Our intern Keelin recently spoke to Jessica O’Gara, teacher, mother of five, and wife to Irish Rugby legend Ronan O’Gara about the importance of reading with her family. The O’Gara family live in France where Ronan works with the coaching team of Racing 92, a Paris-based rugby union club. We at CBI didn’t want them to get homesick, so we sent .
The Bunny family have decided it’s time to expand their brood and to do so have adopted a son, a son who turns out to be a wolf! Their eldest daughter, Dot, remains steadfastly unconvinced by her new sibling, as she becomes increasingly concerned that her darling brother is almost certainly set on eating her and her entire family. .
Scríobhadh an scéal seo in ómós do Fhlann Ó Riain, cruthaigheoir na cartúin Dáithí Lacha breis is daichead bliain ó shin. Tá cosúlacht idir an scéilín seo agus ceann de eachtraí Dháithí Lacha agus tá rian de Dháithí ar Ruairí chomh maith. D’imir Máirtín cleas ar Ruairí fhad is a bhí siad ag imirt peile. Chuaigh Ruairí isteach i .
‘Cathain a bheidh mé mór fásta?’ a fhiafraíonn Fionn den chrann. Nuair a bheidh sé fásta suas beidh a theach féin aige – teach a bheidh ag cur thar maoil le peataí de gach sórt. Anois díreach, áfach, níl uaidh ach coileán agus é cinnte go bhfaighidh sé ceann dá bhreithlá. Idir stíl álainn Esther Göbl Uí Nualláin agus .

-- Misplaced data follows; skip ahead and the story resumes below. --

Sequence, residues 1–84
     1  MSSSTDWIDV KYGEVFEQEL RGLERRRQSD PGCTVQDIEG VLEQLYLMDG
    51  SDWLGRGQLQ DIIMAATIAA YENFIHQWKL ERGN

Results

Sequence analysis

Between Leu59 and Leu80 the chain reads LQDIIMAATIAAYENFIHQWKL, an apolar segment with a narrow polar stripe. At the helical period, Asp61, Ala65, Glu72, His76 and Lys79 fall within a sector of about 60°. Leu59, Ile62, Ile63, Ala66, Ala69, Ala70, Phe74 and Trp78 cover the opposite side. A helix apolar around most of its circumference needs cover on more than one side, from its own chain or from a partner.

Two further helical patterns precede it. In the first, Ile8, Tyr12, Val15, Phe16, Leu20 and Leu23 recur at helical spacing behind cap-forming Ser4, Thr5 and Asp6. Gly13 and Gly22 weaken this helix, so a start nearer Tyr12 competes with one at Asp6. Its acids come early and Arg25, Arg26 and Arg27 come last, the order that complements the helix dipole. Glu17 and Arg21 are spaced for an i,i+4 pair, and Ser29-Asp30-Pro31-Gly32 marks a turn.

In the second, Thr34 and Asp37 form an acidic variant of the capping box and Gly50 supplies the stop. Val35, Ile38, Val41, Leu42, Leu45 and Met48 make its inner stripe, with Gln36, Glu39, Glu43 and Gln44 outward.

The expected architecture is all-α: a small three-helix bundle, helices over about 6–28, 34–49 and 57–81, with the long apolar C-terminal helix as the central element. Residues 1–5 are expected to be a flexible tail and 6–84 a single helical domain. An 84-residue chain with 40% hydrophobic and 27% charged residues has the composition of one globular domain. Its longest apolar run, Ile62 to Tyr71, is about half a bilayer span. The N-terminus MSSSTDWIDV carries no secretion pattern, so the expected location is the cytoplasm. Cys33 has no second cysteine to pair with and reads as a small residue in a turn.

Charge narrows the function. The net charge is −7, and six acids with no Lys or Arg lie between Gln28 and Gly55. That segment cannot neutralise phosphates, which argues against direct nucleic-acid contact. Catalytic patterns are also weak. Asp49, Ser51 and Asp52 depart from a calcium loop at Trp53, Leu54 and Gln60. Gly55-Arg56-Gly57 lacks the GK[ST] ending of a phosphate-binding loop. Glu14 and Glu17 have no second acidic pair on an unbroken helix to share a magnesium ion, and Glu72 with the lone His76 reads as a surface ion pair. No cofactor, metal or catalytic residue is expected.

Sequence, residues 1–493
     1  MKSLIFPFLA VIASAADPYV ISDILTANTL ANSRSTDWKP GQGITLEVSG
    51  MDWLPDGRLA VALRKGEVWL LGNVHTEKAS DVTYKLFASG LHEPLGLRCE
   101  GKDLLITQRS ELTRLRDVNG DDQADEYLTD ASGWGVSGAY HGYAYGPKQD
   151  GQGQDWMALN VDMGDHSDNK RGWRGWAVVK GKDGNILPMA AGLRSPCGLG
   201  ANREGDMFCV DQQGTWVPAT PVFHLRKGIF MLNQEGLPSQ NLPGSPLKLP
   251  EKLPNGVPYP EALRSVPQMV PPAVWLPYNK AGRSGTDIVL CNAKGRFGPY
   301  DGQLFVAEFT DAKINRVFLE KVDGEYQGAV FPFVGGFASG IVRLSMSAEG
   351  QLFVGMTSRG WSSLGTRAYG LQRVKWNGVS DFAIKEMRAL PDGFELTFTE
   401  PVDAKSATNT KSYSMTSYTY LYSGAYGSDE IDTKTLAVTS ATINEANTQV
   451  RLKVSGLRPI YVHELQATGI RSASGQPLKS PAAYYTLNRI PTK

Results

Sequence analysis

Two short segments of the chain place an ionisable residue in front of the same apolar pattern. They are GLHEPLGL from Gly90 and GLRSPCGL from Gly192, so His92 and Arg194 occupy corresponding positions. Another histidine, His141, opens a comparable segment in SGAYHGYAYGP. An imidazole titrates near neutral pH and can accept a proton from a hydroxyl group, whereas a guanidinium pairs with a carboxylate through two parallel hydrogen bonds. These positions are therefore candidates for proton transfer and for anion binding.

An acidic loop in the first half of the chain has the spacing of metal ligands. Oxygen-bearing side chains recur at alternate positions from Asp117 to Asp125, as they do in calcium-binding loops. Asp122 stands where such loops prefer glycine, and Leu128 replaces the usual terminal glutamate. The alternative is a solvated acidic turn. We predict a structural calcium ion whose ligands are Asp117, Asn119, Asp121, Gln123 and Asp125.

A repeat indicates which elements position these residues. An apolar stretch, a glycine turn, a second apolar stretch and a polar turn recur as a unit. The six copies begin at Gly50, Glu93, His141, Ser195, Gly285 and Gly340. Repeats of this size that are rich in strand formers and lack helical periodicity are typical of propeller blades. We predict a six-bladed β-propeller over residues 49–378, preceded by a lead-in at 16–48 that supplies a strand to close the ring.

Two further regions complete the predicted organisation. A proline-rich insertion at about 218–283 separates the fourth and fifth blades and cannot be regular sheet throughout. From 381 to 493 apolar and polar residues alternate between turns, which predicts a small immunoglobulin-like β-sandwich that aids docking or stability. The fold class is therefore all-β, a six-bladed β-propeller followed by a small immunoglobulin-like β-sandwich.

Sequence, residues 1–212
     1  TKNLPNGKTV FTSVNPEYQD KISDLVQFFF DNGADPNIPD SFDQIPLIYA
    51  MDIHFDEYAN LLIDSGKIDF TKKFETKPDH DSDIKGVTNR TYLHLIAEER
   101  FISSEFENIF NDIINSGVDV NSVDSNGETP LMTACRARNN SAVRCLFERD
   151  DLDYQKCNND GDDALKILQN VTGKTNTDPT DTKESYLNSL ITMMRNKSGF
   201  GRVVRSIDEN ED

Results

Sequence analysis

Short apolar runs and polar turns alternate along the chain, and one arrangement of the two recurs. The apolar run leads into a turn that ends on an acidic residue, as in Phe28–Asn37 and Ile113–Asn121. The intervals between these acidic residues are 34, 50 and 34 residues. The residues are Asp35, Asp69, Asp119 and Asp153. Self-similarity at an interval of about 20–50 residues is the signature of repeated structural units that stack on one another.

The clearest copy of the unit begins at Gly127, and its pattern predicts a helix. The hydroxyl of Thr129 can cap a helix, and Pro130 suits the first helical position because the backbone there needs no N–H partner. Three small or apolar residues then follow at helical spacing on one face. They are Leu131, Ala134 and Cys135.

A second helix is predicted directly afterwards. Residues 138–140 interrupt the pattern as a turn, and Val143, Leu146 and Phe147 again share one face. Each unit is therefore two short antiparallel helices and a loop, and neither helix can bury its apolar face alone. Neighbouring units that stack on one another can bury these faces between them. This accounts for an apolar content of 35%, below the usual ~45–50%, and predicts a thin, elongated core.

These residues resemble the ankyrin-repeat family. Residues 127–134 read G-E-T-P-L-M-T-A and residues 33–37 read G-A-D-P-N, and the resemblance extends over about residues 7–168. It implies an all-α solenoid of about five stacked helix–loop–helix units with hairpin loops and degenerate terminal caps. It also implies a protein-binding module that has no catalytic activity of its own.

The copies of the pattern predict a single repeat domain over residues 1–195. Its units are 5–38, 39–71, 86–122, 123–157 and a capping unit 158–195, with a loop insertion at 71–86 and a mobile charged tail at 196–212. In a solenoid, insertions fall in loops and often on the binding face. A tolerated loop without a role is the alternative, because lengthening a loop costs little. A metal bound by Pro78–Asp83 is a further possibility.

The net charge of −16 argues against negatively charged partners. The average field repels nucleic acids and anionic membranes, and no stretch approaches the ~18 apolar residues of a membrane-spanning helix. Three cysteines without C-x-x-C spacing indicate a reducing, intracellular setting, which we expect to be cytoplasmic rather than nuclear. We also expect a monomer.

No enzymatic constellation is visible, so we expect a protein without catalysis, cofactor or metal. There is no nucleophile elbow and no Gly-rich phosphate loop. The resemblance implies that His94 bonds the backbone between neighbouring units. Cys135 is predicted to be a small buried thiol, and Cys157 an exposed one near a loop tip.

Move over Olivia, there’s some new girls in town. Precocious and witty, our heroines scramble off on three separate adventures. They trek to the Andes, they negotiate the effect of pets on friendship, they model stripy socks! Gollie is tall, prim and more than a little proper. Bink is a helter-skelter fun magnet, you would think they’d disagree from .
Is fear óg míchiallmhar é Conchúr a bhfuil dúil ró-mhór aige in airgead agus rudaí luachmhara an tsaoil seo. Oíche amháin agus é istigh sa chasaíne ag imirt cartaí bhí carn airgead arbh fhiú daichead míle euro i lár an bhoird. Bhí lámh cartaí maith ag Conchúr ach ní raibh aon airgead aige. Ceithre mhíle euro a bhí uaidh. .
This book is a feast for the eyes and the imagination. Beautifully produced in hardback with sumptuous full-colour pages, it contains six of Patricia Lynch’s tales of enchantment. These lively and engaging retellings draw on a wide range of Irish mythology and folklore – a welcome change from the narrow selection frequently found in children’s anthologies. Included here are .
Somewhat misleadingly titled (possibly with an eye for the Christmas market), this new offering from the inimitable Shirley Hughes is a hugely informative story bringing alive the everyday experiences of children in 1930’s Liverpool. Hughes has drawn on her own experiences as a child of that era to vividly recall such things as wash day and, in the process, .
Durant is a particularly prolific writer and his books range from picturebooks to teenage fiction. With this new collection of poetry, Durant has brought together poems previously published in anthologies with some new poems. As the introduction outlines, many of the poems are inspired by everyday actions and activities – school, sports, food and family. The poems are grouped .
Another Mr Gum. Hurrah! These books are some of the funniest and most exciting children’s books around: packed full of one liners, off the wall gags and utterly hilarious shenanigans. This is offset beautifully by David Tazzyman’s monochrome line drawings. Enter Polly ‘brave and true like a how-doyou- do who had everything she needed in life – a face, .